Childbirth in Developing Countries: Risks and Strategies for Safe Delivery

Childbirth in Developing Countries: Risks and Strategies for Safe Delivery

January 29, 2024 by Etta-Atlantic
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Introduction:

Childbirth is a miraculous and life-changing event, but for many women living in developing countries, it can also be a life-threatening one. The World Health Organization (WHO) estimates that approximately 303,000 women die each year due to complications related to pregnancy and childbirth, with 99% of these deaths occurring in low- and middle-income countries. This staggering number represents a huge disparity between the developed and developing world, where maternal mortality rates are 14 times higher. In this article, we will delve into the risks associated with childbirth in developing countries and discuss strategies for ensuring safe delivery for mothers and their newborns, with an emphasis on the most recent data available.

Risks associated with childbirth:

One of the primary risks associated with childbirth in developing countries is a lack of access to healthcare and trained professionals. In many parts of the world, mothers and their families do not have access to the healthcare services they need, including prenatal care, childbirth services, and postnatal care. This is due to a lack of healthcare providers and facilities, as well as cultural and social barriers that prevent mothers from accessing healthcare services. According to the WHO, only half of all women in low- and middle-income countries receive the minimum recommended amount of prenatal care, and just one in four women give birth in the presence of a skilled health professional.

  • Lack of access to emergency obstetric care:

Another risk associated with childbirth in developing countries is the lack of access to emergency obstetric care. This includes emergency caesarean sections, blood transfusions, and other life-saving interventions that are often not available in remote or rural areas. According to a study by the Guttmacher Institute, only 31% of births in low-income countries take place in a health facility, and just 10% of births in the poorest countries take place in a facility with comprehensive emergency obstetric care.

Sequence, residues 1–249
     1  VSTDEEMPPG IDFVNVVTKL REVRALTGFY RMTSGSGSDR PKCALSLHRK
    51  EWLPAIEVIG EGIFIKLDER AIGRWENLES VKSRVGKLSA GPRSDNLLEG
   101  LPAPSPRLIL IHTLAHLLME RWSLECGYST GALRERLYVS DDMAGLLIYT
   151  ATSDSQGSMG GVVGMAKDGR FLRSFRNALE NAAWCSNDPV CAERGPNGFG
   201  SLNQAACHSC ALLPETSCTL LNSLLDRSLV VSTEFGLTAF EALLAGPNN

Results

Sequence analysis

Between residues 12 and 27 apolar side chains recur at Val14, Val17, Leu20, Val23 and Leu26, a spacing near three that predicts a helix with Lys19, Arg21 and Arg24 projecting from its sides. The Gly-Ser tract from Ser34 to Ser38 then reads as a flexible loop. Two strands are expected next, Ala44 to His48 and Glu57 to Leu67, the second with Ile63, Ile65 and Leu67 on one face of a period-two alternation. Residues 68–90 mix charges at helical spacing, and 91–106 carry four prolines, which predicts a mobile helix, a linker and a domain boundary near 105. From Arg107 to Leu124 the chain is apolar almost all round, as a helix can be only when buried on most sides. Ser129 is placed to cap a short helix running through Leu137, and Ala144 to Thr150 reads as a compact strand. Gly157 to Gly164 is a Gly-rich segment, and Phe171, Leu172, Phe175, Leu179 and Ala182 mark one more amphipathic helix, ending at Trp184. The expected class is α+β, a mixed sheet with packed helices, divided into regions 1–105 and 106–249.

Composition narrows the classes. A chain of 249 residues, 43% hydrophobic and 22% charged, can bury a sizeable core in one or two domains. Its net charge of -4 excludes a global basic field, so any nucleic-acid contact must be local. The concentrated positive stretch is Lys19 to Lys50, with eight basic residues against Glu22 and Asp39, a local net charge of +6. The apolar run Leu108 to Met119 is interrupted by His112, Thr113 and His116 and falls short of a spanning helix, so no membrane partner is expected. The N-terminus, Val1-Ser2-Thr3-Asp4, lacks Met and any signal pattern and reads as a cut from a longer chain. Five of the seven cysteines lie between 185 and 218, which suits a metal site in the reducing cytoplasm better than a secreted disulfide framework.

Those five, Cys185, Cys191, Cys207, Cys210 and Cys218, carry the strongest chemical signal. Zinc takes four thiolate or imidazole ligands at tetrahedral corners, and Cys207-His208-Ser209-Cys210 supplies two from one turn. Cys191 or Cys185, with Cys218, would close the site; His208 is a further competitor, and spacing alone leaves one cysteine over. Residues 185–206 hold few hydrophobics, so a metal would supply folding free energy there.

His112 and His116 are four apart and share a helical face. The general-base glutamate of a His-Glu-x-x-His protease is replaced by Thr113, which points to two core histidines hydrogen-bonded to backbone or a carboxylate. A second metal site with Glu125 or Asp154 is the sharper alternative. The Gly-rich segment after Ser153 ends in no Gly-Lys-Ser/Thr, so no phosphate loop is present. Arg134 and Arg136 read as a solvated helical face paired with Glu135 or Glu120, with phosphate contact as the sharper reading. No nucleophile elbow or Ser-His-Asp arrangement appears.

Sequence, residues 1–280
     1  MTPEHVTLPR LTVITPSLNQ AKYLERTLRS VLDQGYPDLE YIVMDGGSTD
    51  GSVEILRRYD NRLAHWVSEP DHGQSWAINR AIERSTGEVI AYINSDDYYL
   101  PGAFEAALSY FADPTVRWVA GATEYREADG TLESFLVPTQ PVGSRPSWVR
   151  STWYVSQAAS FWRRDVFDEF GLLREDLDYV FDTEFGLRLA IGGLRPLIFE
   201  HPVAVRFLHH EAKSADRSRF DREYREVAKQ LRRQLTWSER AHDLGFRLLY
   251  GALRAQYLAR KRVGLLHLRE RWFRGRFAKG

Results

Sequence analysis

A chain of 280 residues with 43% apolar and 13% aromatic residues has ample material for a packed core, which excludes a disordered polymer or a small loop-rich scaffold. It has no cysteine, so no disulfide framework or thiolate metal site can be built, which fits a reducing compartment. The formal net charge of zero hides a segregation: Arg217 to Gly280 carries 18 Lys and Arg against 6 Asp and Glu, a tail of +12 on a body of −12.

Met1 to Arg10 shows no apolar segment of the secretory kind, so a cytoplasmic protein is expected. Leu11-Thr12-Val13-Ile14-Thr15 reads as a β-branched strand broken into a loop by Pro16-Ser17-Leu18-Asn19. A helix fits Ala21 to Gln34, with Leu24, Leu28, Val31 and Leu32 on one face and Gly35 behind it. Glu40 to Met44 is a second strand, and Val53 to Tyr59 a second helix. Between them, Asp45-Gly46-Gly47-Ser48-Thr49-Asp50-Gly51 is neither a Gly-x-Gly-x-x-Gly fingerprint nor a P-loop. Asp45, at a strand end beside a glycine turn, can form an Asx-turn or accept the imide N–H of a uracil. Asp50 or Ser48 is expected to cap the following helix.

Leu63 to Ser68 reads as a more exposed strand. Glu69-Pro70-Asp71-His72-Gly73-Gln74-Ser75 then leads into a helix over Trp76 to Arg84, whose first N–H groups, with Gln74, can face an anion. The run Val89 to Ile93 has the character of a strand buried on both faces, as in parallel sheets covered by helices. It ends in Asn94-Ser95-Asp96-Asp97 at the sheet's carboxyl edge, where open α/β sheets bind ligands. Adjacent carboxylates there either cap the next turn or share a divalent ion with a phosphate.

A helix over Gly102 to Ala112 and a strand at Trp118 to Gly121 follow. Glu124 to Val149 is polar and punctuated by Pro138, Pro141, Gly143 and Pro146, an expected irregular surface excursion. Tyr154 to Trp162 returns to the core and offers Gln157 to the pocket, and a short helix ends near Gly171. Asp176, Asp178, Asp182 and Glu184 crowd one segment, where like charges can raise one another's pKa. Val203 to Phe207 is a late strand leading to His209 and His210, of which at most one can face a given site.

• Cultural and social barriers

Cultural and social barriers also play a significant role in maternal health. In many cultures, traditional beliefs and practices can prevent mothers from accessing healthcare services, such as prenatal care or childbirth services. Additionally, social barriers, such as discrimination and stigma, can prevent mothers from seeking healthcare services. A study by UNICEF found that attitudes and practices related to gender, sexuality, and power dynamics can lead to discrimination against women and girls, making them less likely to seek care or advocate for their own needs.

 

Strategies for safe delivery:

  • Invest in training healthcare providerschildbirth, mother with her child in developing countries

One strategy for ensuring safe delivery for mothers and their newborns is to invest in training healthcare providers in emergency obstetric care and other essential skills. This includes training midwives and traditional birth attendants in emergency obstetric care, as well as training healthcare providers in infection prevention and control, neonatal resuscitation, and other essential skills. A study by the International Confederation of Midwives found that increasing the number of midwives in a community can lead to a reduction in maternal and neonatal deaths by as much as 45%.

  • Provide transportation for mothers in emergency situations

Another strategy is to provide transportation for mothers in emergency situations, as well as provide access to blood transfusions, antibiotics, and other life-saving interventions. The WHO estimates that up to 50% of maternal deaths can be prevented by providing access to emergency obstetric care and essential medicines.

In conclusion, childbirth in developing countries is a significant risk to the health and well-being of mothers and their newborns. The disparity in maternal mortality rates between developed and developing countries is a stark reminder of the urgent need for increased access to invest in strategies that increase access to healthcare and emergency obstetric care, as well as address cultural and social barriers to maternal health.

 

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Lekki, Lagos State
Nigeria

Call us now if you are in a medical emergency need, we will reply swiftly and provide you with a medical aid.


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Etta Atlantic Memorial Hospital Logo

22 Abioro Street, Ikate
Lekki, Lagos State
Nigeria

Call us now if you are in a medical emergency need, we will reply swiftly and provide you with a medical aid.


08083734008

hello@ettaatlantic.com


Visit us on social networks:

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